February 10, 2009 |
If ever the Philadelphia Orchestra had the impetus to transcend its own excellence, it's the current tour of the Canary Islands and Europe. But if ever circumstances worked against that. . . . Even in the acoustically superb Auditorio Nacional de Musica in Madrid last week, the orchestra had experienced so many successive days of traveling and playing - sometimes in halls with a built-in defeat factor - that lost ground wasn't made up immediately. Would audiences for these last Iberian dates of the tour know the difference?
September 16, 1995 |
For the second time in a month, USAir has applied to fly nonstop between Philadelphia and a European capital, this time to Madrid. USAir's application, filed with the U.S. Department of Transportation, comes on top of a request to the government filed Aug. 21 to serve the Philadelphia-Rome route. The airline also has asked for government approval to fly nonstop between Boston and both Madrid and Rome. If USAir gets both U.S. and Spanish government approval for the Madrid service, and wins the Rome route, Philadelphia will have nonstop flights to six European cities.
October 7, 1986 |
My 22-year-old chum, Elenita, telephoned this morning to invite me to luncheon on Friday. She said, "My mother would like you to meet a lady who is going to Philadelphia for three months. " "Why?" I asked. Elenita, not much given to taking any interest in others, didn't know. After I hung up, it occurred to me that if I had been told the lady was going to New York for three months I wouldn't have asked why. People go to New York just for the hell of it, just to have a good time, but a visit to Philadelphia requires a more serious purpose.
July 1, 2001 |
The trip to Spain began with a "Sunrise, Sunset" moment. As I gathered up the family passports, I glanced down at the baby photo on my daughter Sylvia's passport. Wasn't it only yesterday? Then I noticed the passport's expiration date, which had once seemed so absurdly out in the future. It had come and gone 10 days earlier. It was now 9 p.m. on Friday. Our flight to Madrid and our discount, nonrefundable seats were leaving Philadelphia in 23 hours. Operating on high alert, I phoned the State Department.
October 20, 2003 |
Juan Carlos Ferrero won the Madrid (Spain) Masters yesterday with a 6-3, 6-4, 6-3 victory over Nicolas Massu and overtook Andy Roddick for first place in the ATP Champions Race with 3 weeks left. Ferrero, the French Open champion and U.S. Open runner-up, has four titles this season. He will lead Spain in the Davis Cup final next month in Australia. Ferrero has 826 points in the season-long ATP Champions Race, four more than Roddick, who lost to Massu in the third round. The Champions Race standings are based on the four majors, the nine Tennis Masters Series events and a player's other top results.
September 18, 1988 |
The drawing in the newspaper showed a locomotive pulling five cars as it raced across a bridge. Smoke billowed from the stack. The picture illustrated an advertisement for a day's excursion to Aranjuez on El Tren de la Fresa. It is called the Strawberry Train because Aranjuez is celebrated for its strawberries. It is also celebrated for its asparagus but El Tren de la Fresa obviously has more glamour and appeal than El Tren de los Esparragos. The sight of the gallant little locomotive chuff-chuffing along reminded me of the 1920s, when I went to Spain as a child with my mother.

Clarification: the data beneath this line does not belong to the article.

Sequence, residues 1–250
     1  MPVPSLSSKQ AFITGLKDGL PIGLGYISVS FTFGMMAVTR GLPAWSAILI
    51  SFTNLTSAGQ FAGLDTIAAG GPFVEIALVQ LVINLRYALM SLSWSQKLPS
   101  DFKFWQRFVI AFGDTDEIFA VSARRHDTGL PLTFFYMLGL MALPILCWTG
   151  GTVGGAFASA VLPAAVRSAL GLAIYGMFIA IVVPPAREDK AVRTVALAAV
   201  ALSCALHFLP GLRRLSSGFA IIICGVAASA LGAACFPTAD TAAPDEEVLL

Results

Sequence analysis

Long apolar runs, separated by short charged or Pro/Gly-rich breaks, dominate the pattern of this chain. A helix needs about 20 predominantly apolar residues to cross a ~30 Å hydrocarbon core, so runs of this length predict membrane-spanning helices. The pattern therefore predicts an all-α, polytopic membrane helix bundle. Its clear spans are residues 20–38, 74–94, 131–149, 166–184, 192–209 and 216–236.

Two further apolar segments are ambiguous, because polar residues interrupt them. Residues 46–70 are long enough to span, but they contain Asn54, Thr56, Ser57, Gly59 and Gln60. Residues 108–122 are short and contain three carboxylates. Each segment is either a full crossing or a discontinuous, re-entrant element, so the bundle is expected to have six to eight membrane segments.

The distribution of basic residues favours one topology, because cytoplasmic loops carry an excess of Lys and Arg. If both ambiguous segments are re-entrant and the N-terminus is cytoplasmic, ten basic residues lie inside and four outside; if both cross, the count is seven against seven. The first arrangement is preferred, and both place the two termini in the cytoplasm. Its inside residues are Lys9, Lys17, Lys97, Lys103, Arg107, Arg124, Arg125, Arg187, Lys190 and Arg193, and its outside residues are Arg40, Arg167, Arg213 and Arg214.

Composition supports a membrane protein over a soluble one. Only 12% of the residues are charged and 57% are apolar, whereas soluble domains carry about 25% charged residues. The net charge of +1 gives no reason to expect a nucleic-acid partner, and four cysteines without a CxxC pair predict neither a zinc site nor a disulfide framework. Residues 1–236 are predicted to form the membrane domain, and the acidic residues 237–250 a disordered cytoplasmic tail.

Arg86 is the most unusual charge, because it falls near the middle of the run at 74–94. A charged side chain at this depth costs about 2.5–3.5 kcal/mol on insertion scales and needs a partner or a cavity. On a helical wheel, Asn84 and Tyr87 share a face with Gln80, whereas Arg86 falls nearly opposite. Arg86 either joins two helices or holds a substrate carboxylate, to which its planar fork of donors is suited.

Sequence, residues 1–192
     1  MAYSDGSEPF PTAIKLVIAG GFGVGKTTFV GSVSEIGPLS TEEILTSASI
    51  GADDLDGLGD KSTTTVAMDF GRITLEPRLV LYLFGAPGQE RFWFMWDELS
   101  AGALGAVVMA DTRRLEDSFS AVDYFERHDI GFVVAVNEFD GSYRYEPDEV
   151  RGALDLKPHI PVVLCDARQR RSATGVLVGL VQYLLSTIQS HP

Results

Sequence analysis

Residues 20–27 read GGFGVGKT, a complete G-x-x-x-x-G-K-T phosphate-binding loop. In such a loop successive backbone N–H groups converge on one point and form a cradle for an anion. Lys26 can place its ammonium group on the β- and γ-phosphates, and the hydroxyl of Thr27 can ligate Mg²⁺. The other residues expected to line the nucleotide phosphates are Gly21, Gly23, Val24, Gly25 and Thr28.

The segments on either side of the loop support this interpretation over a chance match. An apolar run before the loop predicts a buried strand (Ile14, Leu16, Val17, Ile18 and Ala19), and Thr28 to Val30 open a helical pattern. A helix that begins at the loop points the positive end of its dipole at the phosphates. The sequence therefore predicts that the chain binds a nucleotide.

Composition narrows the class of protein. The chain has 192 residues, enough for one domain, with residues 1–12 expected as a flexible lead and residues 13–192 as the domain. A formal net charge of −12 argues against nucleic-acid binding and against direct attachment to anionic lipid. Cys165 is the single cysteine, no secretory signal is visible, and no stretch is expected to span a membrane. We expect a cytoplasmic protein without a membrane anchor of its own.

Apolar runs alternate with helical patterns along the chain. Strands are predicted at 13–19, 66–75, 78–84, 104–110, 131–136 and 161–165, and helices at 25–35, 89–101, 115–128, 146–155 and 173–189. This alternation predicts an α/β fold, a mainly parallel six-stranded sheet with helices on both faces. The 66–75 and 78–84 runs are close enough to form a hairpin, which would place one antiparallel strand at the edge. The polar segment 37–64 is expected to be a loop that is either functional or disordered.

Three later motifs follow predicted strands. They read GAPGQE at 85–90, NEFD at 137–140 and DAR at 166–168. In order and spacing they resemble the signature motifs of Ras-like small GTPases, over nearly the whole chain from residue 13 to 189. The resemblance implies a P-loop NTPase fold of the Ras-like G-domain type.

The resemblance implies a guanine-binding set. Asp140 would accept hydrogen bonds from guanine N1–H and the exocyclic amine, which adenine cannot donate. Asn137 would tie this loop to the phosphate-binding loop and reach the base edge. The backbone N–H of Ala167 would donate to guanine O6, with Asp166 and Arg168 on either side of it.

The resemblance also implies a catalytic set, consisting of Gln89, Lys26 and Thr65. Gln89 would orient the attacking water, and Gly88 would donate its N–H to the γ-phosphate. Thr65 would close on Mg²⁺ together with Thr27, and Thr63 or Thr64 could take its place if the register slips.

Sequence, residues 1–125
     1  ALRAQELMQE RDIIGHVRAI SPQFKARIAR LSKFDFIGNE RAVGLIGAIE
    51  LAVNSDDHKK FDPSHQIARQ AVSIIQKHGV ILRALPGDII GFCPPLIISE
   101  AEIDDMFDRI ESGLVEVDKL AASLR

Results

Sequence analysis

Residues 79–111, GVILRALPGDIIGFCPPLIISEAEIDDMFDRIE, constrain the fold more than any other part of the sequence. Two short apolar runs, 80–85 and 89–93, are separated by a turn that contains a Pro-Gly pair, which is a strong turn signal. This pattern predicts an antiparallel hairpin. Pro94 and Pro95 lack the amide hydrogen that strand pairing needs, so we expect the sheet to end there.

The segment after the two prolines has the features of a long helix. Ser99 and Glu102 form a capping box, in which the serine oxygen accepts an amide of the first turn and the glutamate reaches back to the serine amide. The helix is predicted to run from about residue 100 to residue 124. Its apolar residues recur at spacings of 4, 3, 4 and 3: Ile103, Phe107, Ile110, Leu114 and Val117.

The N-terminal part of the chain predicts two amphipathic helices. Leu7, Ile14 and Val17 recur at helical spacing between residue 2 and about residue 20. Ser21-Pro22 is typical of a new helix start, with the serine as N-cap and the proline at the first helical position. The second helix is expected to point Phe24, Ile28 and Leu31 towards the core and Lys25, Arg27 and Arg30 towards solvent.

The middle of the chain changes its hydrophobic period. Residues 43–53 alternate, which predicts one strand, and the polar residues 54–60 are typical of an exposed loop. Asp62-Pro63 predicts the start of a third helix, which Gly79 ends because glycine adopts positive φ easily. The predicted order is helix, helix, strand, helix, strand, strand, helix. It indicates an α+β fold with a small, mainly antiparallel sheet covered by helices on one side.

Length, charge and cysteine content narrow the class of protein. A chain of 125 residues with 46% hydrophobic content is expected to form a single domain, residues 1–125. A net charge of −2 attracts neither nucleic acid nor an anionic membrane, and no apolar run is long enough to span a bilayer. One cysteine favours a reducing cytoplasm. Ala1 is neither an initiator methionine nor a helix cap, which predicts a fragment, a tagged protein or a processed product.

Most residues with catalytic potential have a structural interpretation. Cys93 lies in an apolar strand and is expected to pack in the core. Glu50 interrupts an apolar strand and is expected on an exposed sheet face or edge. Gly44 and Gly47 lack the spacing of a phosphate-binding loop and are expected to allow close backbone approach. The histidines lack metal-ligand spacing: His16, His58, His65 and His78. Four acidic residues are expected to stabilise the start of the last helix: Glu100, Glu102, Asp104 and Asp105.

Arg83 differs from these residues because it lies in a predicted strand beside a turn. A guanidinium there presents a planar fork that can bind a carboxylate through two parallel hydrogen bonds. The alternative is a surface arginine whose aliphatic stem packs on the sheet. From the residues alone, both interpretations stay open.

May 8, 1989 |
He took the mound as the ninth starting pitcher for the Phillies' injury- riddled staff this year, and the team did not know what to expect. But Alex Madrid came up big. He pitched 6 2/3 innings of shutout ball yesterday in his first start of the season, and the Phillies used a reserve-filled lineup to coast to a 5-0 victory over the Cincinnati Reds. The second shutout in three games by their much-maligned staff gave the Phillies their first winning series since they swept Montreal at home April 10-12.
May 19, 1992 |
There's a point in this city that is the exact geographic center of Spain, and the hall in which the Philadelphia Orchestra played its concerts Sunday and Monday is the center of an exploding musical scene in Madrid. No longer a country of historic, decaying theaters, Spain is building and renewing. With the opening of the Auditoria Nacional in the late 1980s, Madrid has four major halls, filling with orchestras in a way that invites comparison with London. The Philadelphians completed their Spanish tour with concerts in the Auditoria Nancional, whose interior recalls the Berlin Philharmonic's surround-seating and dramatically angled balconies.
April 15, 2007 |
When I mentioned I wanted to go to Extremadura, my Spanish boyfriend looked at me as if I was loca. Extremadura isn't exactly high on the lists of most tourists in Spain. Or natives, for that matter. It's the region to the west of Madrid that borders Portugal, home to a rugged landscape and walled towns that appear nearly untouched by the 21st century. It's not that Extremadura isn't appealing. Most Spaniards simply don't think about it. Visitors to Spain flock to the beaches, to the sunny south or the verdant north, or to the cosmopolitan big cities.
March 13, 2004 |
Yesterday was a day of mourning and protest in Madrid. The day after Spain's worst terrorist attack, an angry and intensely emotional parade of more than 2.5 million people poured into the streets of the Spanish capital to protest the bombings that killed almost 200 and injured nearly 1,500. A sea of millions chanting "Assassins, ETA No!" and waving the Spanish flag braved cold, rainy weather and walked a 1-mile route from the Plaza de Colon to the Atocha rail station. ETA is the Basque separatist group suspected in the bombings.